LOCATION: SAN ISIDRO | BUENOS AIRES
PROJECT YEAR: 2020
CONSTRUCTION YEAR: 2020
ROOF AREA: 80 M2. ROOF AREA: 80 m2
SURF. SEMI-COVERED: 20 m2
AREA. LAND: 140 m2
Although the fabric of the city of Buenos Aires is characterized by a heterogeneous morphological condition in constant transformation, within the range of low-density housing, it is possible to detect certain constant typologies that have emerged from the interaction of successive historical variables -such as the strategies of subdivision and subdivision of blocks, urban regulations and their corresponding updates, or the building traditions of those who built the city-. One of these identifiable typologies is the PH, whose name derives from the notion of Horizontal Property, a regulation that has allowed the development of private dwellings within the same lot (segregated low-rise buildings coexist and coexist with each other on the same lot, resulting in a hyper-dense lot).
Historically, the PH comes from the chorizo house, which in turn originates from the division in two of the typical courtyard house. Although dwellings composed of two vertically superimposed properties -one on the first floor and a second one on the first floor- are also catalogued as PH, the most common model is the one derived from the organization of the aforementioned chorizo house. This house was presented as a housing solution adapted to the proportions of the city's land, formed by segmenting the blocks into very narrow lots (10 varas - 8.66 m) and at the same time very deep (in some cases up to the middle of the block - 50 m).
For this reason, the distribution of the rooms in rows, leaning on one of the two party walls and ventilating towards a succession of patios located on the opposite party wall, was a strategy that was effectively replicated in many places in the city. Some other typologies of the city, such as the tenement house and the PH, later evolved from the chorizo house.
During the 30s and 40s, in terms of real estate speculation, PHs were a trend because there was a different code that allowed building up to the end of the property (while the current code requires maintaining a number of meters for green spaces within the land). If we study the development of buildings under this first code, the houses directly facing the street did not seem to be too much affected, but the back fronts, on the other hand, relegated to the center of the block, were exposed to complex habitability conditions. As a result, hyperdense lots were generated with small buildings that, in many cases, resulted in the development of poorly lit and ventilated spaces.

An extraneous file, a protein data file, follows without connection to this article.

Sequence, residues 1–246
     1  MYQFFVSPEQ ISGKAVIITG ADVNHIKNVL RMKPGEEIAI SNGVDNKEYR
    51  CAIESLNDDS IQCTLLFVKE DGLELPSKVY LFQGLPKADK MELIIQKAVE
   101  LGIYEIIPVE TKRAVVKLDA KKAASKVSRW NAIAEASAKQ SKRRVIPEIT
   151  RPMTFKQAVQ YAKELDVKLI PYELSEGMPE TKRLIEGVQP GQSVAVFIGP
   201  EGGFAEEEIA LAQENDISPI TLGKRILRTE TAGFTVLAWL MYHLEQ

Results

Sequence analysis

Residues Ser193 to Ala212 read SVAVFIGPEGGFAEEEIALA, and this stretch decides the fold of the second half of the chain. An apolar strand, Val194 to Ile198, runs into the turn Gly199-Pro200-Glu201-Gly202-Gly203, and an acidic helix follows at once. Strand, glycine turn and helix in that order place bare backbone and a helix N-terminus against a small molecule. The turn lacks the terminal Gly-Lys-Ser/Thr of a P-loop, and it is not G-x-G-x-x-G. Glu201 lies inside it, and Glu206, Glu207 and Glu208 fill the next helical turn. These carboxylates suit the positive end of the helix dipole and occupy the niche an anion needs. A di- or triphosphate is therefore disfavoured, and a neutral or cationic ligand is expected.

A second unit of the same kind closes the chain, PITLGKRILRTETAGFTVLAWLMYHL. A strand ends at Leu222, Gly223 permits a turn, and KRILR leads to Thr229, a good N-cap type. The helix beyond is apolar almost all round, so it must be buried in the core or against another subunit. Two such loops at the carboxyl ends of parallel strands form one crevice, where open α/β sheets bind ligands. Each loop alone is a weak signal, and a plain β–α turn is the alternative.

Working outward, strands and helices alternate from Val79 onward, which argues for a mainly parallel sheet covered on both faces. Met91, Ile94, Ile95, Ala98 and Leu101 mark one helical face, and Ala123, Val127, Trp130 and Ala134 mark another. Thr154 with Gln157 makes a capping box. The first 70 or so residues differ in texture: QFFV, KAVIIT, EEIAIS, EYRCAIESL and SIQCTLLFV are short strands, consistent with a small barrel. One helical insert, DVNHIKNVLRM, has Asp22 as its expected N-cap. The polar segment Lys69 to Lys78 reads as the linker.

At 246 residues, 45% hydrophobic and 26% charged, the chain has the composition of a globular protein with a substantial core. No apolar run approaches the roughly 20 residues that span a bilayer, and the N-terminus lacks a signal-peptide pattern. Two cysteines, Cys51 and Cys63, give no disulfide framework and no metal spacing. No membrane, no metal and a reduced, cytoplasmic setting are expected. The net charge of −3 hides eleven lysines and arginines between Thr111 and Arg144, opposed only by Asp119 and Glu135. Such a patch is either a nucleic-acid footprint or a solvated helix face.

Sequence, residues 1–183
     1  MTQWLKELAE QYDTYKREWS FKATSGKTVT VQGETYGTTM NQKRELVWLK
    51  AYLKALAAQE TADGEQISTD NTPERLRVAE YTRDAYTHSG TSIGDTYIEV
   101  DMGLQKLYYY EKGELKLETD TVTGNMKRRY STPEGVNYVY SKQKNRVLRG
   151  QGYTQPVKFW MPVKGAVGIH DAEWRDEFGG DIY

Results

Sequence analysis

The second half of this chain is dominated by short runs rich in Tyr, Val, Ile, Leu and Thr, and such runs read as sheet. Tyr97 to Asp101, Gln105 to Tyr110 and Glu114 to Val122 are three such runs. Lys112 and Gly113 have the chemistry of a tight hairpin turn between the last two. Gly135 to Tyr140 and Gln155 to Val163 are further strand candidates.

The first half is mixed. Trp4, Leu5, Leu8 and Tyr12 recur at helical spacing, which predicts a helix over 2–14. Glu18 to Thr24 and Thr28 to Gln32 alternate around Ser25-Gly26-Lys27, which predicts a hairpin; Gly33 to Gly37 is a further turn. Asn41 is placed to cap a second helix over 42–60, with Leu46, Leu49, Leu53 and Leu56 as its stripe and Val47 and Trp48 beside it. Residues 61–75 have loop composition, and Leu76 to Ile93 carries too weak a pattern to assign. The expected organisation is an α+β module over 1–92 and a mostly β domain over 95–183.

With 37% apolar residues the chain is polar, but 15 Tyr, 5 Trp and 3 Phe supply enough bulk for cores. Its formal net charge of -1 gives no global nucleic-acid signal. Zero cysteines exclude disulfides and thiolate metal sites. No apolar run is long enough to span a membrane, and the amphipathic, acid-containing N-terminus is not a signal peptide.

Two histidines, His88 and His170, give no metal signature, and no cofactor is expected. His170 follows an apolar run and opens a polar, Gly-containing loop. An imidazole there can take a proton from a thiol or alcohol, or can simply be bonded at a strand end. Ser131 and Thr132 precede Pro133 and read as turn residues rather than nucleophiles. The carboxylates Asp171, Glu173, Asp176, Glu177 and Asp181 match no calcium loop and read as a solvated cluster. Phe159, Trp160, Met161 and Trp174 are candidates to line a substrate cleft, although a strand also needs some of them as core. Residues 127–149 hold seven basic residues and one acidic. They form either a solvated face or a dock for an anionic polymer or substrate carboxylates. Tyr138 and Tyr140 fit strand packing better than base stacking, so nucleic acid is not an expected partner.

Although the proximity to other buildings, the lack of natural light and the small size of the subdivided lots are considerably complex factors to operate in, the possibility of being inserted in a context of this type can be presented as an opportunity to propose new ways of living that reinvent the centers of the urban blocks of Buenos Aires, generating housing with vertical developments that take advantage of the sound insulation provided by the distance from the streets and recover the relationship with the lungs, without losing notion of the consolidated architectural landscape where they are framed.
The project involves an intervention on an existing housing type PH, housing typology characteristic of Buenos Aires, inherited from the "casa chorizo" of the early twentieth century.
On the same lot, a series of private housing properties coexist side by side, arranged on the first floor and connected by a corridor. CASA SK is the first property in this series; the closest to the street.
The assignment was to adapt an 80m2 property of typical early 20th century Buenos Aires typology to contemporary needs.
Our work did not seek to enlarge the surface area but to clear and redefine the connections between the existing spaces; transforming the internal distribution, resulting in harmony between the common and private spaces of the house.
The patio had previously been roofed to make better use of the surface, but losing the possibility of expansions, light and good ventilation conditions.
The intervention consisted in first instance in giving back a patio to the unit, understanding it as the key condition of the PH housing typology.
The floor plan, with the living room and the kitchen, establishes a relationship between interior and exterior; demarcating the limits between the courtyard and the house to form a continuous and protected space.